Through January 10th, we’re running a contest for a chance to snag that last seat for free!
To enter, simply send us an email introducing yourself. Include a brief paragraph explaining why and how you expect Adobe Premier Pro training to advance your film career or enhance your next project.
A novice to intermediate level of experience with Adobe Premier Pro is required for the course, as well as your own laptop and at least the trial version of Adobe Premier. Only enter the contest if you can satisfy these requirements.
We’ll announce the winner on January 10th. Stay tuned!
The Nashville Film Institute is pleased to partner with the Nashville Women in Film & Television to bring you a hands-on workshop on the basics of digital video editing with Adobe Premier Creative Cloud.
Head over to WiFTnashville.org to learn more about the workshop and purchase tickets.
NFI has reserved four seats for NFI alumni to attend the workshop free of charge. Please direct inquiries to email@example.com. Seats will be first come, first serve.
Please note that a requirement of the course is a novice to intermediate level of experience with Adobe Premier.
Your own laptop and at least the trial version of Adobe Premier are also required.
Last week, Russell Riggins and his crew from Deep Wade Entertainment filmed a music video for the artist Eowyn at the NFI campus. Students of class 0712 were invited to be on the premises to observe and help in a PA capacity. One of the candidates for class October 2012, Caleb Watson, also volunteered for the set. This was his experience on the shoot:
“This was my first taste of the whole experience. It was much more work than it looks like from the outside. The shoot was scheduled for Saturday, but prep-work started weeks before. Russell Riggins had actually had most of the framing set up when I came to help finish/and load for transport Thursday night. That night we finished the frame work, and loaded it together with the tiles (which were painted before installation). That night was a 2 am wrap. I grabbed about 3 hours sleep and got ready for the build.
The build was first thing on Friday morning. We had to reassemble everything, hang the wall/ceiling tiles, and spray them with polyurethane (for shine). The building of the boxes and framing wasn’t so bad; it was just a matter of putting the pieces back together. The challenge was the tiles. The vision was to put them in a diamond pattern. So that meant that pieces on the bottom and top had to be cut to fit, as well as every tile in the corner. We found out that we would have to take down the ceiling framing to install the upper tall tiles because it was in the way. We couldn’t secure the tiles with it on. The ceiling after reinstallation was not square, which was causing us problems with hanging the ceiling tiles so we had to adjust the tiles so that when on camera they would be straight even though the ceiling wasn’t, and you would not be able to see the flaw (which we were successful at). This all wrapped about 12:30 -1:00 Saturday morning. After they were all hung the Eowyn Music wanted a high shine on the tiles so we called in a painter, James Serino (I feel he deserves name credit because he had been there for hours waiting on us because he knew we had to do it the night before). But we had another problem: How to spray the Poly on the set without ruining the room around it. We had to completely cover the set with plastic and tarps to seal it from the room around it. All these work wrapped around 2 – 2:30 am. Then we headed home for another quick 3 hours nap because the shoot started in a few hours.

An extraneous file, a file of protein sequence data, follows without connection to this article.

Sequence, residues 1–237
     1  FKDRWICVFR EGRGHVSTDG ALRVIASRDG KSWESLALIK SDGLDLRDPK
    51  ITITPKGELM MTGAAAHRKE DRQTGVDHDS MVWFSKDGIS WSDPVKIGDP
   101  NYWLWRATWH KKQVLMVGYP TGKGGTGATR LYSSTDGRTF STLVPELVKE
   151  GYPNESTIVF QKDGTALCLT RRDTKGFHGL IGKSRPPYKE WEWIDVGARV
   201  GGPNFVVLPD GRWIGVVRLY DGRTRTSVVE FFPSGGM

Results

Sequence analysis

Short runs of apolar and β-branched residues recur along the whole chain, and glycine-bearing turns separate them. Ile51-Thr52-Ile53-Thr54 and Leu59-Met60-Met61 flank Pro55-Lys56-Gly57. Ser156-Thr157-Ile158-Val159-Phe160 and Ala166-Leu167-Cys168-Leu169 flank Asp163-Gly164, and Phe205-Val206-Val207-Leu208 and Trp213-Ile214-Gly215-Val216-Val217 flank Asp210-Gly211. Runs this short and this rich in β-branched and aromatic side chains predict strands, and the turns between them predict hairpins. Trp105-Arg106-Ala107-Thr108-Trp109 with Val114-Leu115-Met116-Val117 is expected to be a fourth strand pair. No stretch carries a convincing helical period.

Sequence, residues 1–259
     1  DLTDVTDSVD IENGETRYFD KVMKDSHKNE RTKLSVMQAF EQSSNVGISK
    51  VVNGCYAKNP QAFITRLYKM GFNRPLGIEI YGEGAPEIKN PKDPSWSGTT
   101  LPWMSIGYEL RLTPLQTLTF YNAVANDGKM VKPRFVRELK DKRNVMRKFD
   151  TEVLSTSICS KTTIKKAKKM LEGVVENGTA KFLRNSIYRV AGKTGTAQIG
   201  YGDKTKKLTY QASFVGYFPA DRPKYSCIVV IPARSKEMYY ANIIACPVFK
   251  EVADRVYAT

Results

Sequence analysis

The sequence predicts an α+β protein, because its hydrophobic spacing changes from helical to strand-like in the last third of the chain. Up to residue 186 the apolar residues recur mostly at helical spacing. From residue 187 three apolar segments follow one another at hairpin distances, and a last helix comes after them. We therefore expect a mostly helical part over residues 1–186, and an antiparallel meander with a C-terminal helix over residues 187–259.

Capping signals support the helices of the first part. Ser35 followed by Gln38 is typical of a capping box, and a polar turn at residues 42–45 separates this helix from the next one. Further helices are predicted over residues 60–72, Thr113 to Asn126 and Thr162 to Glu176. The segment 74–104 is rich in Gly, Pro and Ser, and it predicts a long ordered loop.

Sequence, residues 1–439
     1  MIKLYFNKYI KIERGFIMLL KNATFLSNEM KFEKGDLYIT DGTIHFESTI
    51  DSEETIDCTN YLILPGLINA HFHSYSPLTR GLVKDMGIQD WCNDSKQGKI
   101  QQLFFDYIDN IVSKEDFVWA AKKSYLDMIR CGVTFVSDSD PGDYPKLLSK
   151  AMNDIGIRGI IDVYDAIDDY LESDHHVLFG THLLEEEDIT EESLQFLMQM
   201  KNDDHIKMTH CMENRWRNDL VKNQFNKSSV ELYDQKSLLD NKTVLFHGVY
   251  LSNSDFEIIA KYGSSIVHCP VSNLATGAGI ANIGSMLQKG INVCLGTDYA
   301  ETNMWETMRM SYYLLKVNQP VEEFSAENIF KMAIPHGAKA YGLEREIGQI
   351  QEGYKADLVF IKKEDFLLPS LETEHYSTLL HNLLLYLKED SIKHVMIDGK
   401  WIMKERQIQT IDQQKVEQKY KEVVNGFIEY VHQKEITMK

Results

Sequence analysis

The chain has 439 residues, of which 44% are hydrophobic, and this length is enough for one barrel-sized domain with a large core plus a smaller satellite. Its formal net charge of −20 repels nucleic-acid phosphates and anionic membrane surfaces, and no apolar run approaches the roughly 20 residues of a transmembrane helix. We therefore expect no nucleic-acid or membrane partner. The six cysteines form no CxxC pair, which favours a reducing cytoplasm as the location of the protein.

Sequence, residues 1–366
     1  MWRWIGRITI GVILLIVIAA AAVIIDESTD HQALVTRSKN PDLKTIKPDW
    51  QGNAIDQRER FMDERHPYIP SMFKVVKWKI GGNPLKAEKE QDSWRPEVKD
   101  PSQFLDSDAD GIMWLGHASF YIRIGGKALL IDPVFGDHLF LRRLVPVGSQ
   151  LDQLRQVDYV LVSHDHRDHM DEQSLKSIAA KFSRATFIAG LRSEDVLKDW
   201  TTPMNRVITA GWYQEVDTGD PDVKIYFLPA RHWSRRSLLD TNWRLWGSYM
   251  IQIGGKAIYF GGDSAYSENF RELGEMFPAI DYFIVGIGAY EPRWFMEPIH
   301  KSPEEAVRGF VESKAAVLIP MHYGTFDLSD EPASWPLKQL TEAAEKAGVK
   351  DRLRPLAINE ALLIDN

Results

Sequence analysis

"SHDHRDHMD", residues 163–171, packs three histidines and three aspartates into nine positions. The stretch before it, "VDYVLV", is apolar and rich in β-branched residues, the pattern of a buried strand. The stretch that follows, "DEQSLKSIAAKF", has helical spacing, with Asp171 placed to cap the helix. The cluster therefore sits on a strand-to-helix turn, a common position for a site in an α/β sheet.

When I arrived on set there were more problems. The set looked amazing, however, it was not the most conducive to the lighting that would need to be done to get the desired look. So we had to improvise some supports around the set to hang/run lights in/around the set. After that it was smooth sailing. We got the lighting sets that looked gorgeous.
Then they shot every sequence, I would say 3-4 times, because you never get everything perfect, but you can take the perfect parts and make it a perfect collaboration. The next challenge was the mime sequences. The makeup was great, it all looked sharp and clean. But we had several sequences to shoot and on the set we had the lights which were making it very warm. When our performers got hot, they sweated; and when they sweated the beautiful make-up ran, so we had to dry and touched up every break to combat the heat. The boxes were big and tough to get on set, and with surprisingly difficult shooting angles. They weren’t as straight forward as you would think, at least not to get the look that they wanted. The shoot wrapped about 8 pm, so the shoot took about 12 hours. Then we destroyed the beautiful set we had worked so hard for clean-up, and that was that.